Way back in the early 2000s, Data Governance wasn’t really much of a thing. There were a few really early pioneers that were doing Data Governance, and they were laying the groundwork, but governance was not a recognized capability.
Companies who did see some value in Data Governance were primarily focused on the benefit to their data stores. Governance could offer more accurate data and make that data easier to find, but there was little awareness of true benefit of Data Governance for the business side.
In a recent DATAVERSITY® interview on Data Governance trends in 2022, Kelle O’Neal, the Founder & CEO of First San Francisco Partners, said that today clients are much more focused on governance, and often ask: “How does this solution add value to my organization?” The question is answered, she said, when Data Governance steps in and creates that discussion point.“ Not just around Master Data Management, but Metadata Management, Data Quality, and all sorts of other capabilities — and how does that add value?”
In the interview, O’Neal discussed the main Data Governance trends, changes, and challenges she’s been seeing in the industry, much of it stemming from an overall maturity of the industry around Data Governance.
Shift from Data Benefit to Business Benefit
Over time, she said, organizations have started to internalize that true business benefit of Data Governance: identification and mitigation of risk, opportunity for revenue growth, and increased productivity and efficiency that drives other expansion opportunities.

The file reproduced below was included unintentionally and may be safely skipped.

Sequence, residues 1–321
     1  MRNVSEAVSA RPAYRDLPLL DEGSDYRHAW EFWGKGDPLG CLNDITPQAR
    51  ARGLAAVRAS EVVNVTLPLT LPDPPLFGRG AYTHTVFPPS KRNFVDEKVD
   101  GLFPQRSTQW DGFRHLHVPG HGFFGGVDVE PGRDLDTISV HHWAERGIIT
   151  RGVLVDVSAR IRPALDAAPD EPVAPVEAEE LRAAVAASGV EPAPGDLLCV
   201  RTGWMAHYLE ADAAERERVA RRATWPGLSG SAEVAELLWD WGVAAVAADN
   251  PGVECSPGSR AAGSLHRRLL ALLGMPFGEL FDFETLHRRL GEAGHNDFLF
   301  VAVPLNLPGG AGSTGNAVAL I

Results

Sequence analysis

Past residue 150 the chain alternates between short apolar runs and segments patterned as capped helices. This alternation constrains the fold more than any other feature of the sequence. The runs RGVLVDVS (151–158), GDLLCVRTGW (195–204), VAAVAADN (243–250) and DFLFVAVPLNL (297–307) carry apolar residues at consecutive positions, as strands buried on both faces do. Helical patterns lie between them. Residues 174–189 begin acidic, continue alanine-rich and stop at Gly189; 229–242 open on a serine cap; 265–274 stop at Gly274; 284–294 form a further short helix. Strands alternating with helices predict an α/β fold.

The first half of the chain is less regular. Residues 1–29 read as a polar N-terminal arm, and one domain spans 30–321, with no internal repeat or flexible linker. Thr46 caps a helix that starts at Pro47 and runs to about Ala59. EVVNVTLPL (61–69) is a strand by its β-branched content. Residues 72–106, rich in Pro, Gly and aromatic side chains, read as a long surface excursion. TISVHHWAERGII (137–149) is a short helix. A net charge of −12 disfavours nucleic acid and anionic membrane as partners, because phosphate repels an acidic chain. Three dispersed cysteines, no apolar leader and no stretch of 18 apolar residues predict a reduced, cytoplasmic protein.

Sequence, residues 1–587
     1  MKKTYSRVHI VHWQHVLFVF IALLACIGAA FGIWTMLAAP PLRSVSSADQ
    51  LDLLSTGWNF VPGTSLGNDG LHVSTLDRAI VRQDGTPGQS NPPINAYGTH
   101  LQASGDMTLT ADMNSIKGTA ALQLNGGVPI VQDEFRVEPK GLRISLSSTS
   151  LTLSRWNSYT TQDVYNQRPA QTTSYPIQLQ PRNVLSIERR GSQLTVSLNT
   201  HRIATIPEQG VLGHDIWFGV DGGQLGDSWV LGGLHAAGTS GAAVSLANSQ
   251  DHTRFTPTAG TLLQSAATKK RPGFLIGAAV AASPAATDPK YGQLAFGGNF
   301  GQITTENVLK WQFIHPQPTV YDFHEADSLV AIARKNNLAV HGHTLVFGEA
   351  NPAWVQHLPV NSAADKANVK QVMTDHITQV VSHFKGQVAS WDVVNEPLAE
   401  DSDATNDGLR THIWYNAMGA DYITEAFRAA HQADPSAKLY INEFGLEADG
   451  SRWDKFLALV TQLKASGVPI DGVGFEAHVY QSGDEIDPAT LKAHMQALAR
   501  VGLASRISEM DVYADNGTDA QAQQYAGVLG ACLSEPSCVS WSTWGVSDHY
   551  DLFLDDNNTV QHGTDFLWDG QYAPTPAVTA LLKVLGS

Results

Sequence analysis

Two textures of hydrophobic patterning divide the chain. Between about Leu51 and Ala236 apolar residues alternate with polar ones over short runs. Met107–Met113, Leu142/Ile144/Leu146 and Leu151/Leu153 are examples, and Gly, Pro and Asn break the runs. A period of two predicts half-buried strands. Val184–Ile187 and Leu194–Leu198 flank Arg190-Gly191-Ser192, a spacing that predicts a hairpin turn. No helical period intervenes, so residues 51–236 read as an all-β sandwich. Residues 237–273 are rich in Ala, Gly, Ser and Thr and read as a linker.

She credits a growing awareness among business people about the value of data.
“You can buy all these technology solutions, but if people don’t recognize the value of repeatability and have trust in the data, then it’s very hard to have the system force that change.”
The Data Generation
We now live in a world full of data. Children growing up now interface with data all the time, and they understand the importance of ensuring that their own data is accurate. They’re using it withapps on their phone, and there’s now an awareness around data as something that doesn’t need to be taught anymore. “It’s just there,” she said.
They recognize that data moves about, and they can see from a very young age where inaccuracies in data impact them. These fundamental realities around data are just normal, whereas before, they needed to be called out and identified.
Privacy Drives Awareness
Now, everyone understands that privacy is important, she said. Big data is just reality — it’s no longer a new trend, and because of that, the approach to Data Governance is shifting. It’s shifting because consumers and businesses are recognizing the importance of privacy.
People want their data to either be private, or they recognize the trade off if they release their data for sale. It’s no longer up to the government alone to regulate it. Children understand that when they sign up for an app and allow notifications, they are creating the opportunity for that app to know more about them, and the youth know they need to decide if that’s okay or not.
Shift from Regulatory Compliance
Up until five years ago, regulatory compliance was a huge driver for O’Neal’s business. Now the primary regulatory driver is data privacy, and the need for privacy controls around data is such a well-known fact that organizations are asking for help understanding nuances in the regulation, rather than asking if privacy is important.
In 2021, O’Neal analyzed by segments the work that First San Francisco Partners did. She discovered that the percentage of the business devoted to pure strategy work, (where a company says, “I need a Data Governance program. I don’t have one yet,” or “I need a Master Data Management program,”), has shifted and is now less than 20% of her business. “That’s not to say that companies don’t still need help, but they’ve already established some sort of foundational capability, and they’ve already started doing it. That is a big difference, it’s a significant Data Governance trend.”
This very quantifiable change in the maturity process around governance is what O’Neal considers biggest trend of 2021. “Data Strategy is still important, but now we’re starting from a clear understanding and an establishment of some capability.”
Education Moves Beyond the Basics